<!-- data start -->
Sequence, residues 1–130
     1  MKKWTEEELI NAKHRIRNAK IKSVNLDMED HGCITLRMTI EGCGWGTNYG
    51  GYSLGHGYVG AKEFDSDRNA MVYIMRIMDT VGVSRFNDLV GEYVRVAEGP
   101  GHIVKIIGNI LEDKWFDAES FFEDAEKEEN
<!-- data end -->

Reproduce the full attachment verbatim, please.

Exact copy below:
Sequence, residues 1–130
     1  MKKWTEEELI NAKHRIRNAK IKSVNLDMED HGCITLRMTI EGCGWGTNYG
    51  GYSLGHGYVG AKEFDSDRNA MVYIMRIMDT VGVSRFNDLV GEYVRVAEGP
   101  GHIVKIIGNI LEDKWFDAES FFEDAEKEEN